FBI Talks to Condit Attorney

Article excerpt

Byline: John Drake

Rep. Gary A. Condit's attorney met with law enforcement officials yesterday to discuss the possibility of a fourth interview with the congressman about missing former intern Chandra Levy, a top D.C. police official said.

Abbe Lowell met with the officials at the FBI's Washington Field Office to discuss the interview and the private polygraph Mr. Condit took a few weeks ago, Executive Assistant Police Chief Terrance W. Gainer said.

Also yesterday, Mr. Condit, California Democrat, agreed to help the FBI create a profile of Miss Levy as law-enforcement seeks a fresh look at the 3-month-old disappearance of the former federal intern, according to sources familiar with the FBI's contact with the congressman.

The sources, who spoke to the Associated Press on the condition of anonymity, said the congressmen's session with a team of FBI profilers could occur as early as this week, depending on Mr. Condit's schedule.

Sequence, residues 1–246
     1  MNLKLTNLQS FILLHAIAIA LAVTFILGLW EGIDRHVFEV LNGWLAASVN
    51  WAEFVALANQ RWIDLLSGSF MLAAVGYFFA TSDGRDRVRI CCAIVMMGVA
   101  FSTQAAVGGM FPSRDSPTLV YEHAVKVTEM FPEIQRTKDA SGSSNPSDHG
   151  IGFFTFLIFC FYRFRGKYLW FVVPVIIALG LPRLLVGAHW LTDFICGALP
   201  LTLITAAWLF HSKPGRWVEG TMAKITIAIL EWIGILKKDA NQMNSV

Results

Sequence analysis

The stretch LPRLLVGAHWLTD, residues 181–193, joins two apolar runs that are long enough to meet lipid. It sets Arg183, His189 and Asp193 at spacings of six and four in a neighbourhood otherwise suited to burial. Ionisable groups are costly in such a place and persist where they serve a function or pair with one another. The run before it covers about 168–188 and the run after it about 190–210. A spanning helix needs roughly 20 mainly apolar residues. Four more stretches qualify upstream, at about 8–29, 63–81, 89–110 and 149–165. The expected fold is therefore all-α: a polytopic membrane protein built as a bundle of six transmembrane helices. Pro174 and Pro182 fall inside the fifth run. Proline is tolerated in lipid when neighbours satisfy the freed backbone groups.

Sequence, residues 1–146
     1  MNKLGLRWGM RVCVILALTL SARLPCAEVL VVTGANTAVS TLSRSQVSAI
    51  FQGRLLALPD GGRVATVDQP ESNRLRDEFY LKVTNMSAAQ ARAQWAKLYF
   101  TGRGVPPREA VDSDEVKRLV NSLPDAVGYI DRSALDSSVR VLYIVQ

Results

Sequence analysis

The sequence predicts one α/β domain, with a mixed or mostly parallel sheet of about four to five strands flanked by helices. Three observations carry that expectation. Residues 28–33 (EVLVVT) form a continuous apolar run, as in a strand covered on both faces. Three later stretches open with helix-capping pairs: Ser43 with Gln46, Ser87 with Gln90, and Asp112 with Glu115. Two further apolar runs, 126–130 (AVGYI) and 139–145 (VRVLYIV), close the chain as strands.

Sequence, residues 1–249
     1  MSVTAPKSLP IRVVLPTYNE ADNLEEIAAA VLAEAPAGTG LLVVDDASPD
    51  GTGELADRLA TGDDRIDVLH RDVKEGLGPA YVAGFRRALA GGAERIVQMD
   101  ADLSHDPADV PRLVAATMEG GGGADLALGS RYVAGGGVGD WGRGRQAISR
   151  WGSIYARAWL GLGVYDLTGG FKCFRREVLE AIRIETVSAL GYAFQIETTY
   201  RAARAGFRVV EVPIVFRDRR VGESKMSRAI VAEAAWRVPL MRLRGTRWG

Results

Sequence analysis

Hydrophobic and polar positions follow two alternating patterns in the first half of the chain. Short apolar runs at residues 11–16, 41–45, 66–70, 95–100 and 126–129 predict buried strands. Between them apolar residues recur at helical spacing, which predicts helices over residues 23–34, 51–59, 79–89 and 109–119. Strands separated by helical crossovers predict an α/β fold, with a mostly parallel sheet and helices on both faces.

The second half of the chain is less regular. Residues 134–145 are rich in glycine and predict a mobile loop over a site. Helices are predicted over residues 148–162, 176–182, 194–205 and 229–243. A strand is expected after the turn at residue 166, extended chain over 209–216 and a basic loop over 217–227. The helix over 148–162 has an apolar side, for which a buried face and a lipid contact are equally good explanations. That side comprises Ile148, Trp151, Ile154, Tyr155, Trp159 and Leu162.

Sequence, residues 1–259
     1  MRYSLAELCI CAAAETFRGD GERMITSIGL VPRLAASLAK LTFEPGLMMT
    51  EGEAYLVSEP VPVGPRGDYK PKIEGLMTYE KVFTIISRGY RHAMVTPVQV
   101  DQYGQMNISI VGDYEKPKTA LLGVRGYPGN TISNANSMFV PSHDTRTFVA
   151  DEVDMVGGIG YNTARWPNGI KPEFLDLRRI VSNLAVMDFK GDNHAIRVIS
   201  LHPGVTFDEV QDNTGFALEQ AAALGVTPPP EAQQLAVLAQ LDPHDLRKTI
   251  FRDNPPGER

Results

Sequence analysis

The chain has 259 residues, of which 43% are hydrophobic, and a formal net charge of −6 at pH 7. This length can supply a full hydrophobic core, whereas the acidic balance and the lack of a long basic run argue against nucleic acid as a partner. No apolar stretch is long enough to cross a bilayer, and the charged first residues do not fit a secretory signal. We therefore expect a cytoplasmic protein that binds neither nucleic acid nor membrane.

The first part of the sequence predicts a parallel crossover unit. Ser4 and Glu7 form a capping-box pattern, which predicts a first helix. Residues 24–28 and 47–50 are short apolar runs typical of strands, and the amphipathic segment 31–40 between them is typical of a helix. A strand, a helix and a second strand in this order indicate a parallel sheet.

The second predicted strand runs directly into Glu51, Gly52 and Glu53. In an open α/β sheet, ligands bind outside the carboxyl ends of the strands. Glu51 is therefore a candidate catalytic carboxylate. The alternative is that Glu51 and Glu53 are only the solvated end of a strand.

The sources said the FBI told Mr. Condit's attorneys they intended to conduct the session without D.C. police present.

Agent Bradley Garrett, who specializes in drawn-out cases for the FBI's Washington Field Office, arranged the profile session yesterday in discussions with Mr. Condit's attorneys, the sources said.

Mr. Garrett indicated to Mr. Condit's legal team that the FBI was taking a fresh look at Miss Levy's disappearance, and that the profilers would seek information from Mr. Condit and others on where Miss Levy might have gone, who she might have seen or any reason she might have been vulnerable when she disappeared, the sources said.

D.C. police officials in recent days have been publicly pressing for Mr. Condit to talk to investigators a fourth time and submit to a lie-detector test administered by the FBI.

Mr. Lowell announced a few weeks ago that Mr. Condit has passed a lie-detector test, which Mr. Condit paid for, and answered without deception that he was not involved in Miss Levy's disappearance nearly three months ago.

D.C. police officials, who were not aware of the private test, have said the polygraph data they received from Mr. Lowell were "useless" and "not credible."

Yesterday's meeting focused on "the need or value" of a fourth interview, Chief Gainer said, as well as the private polygraph. …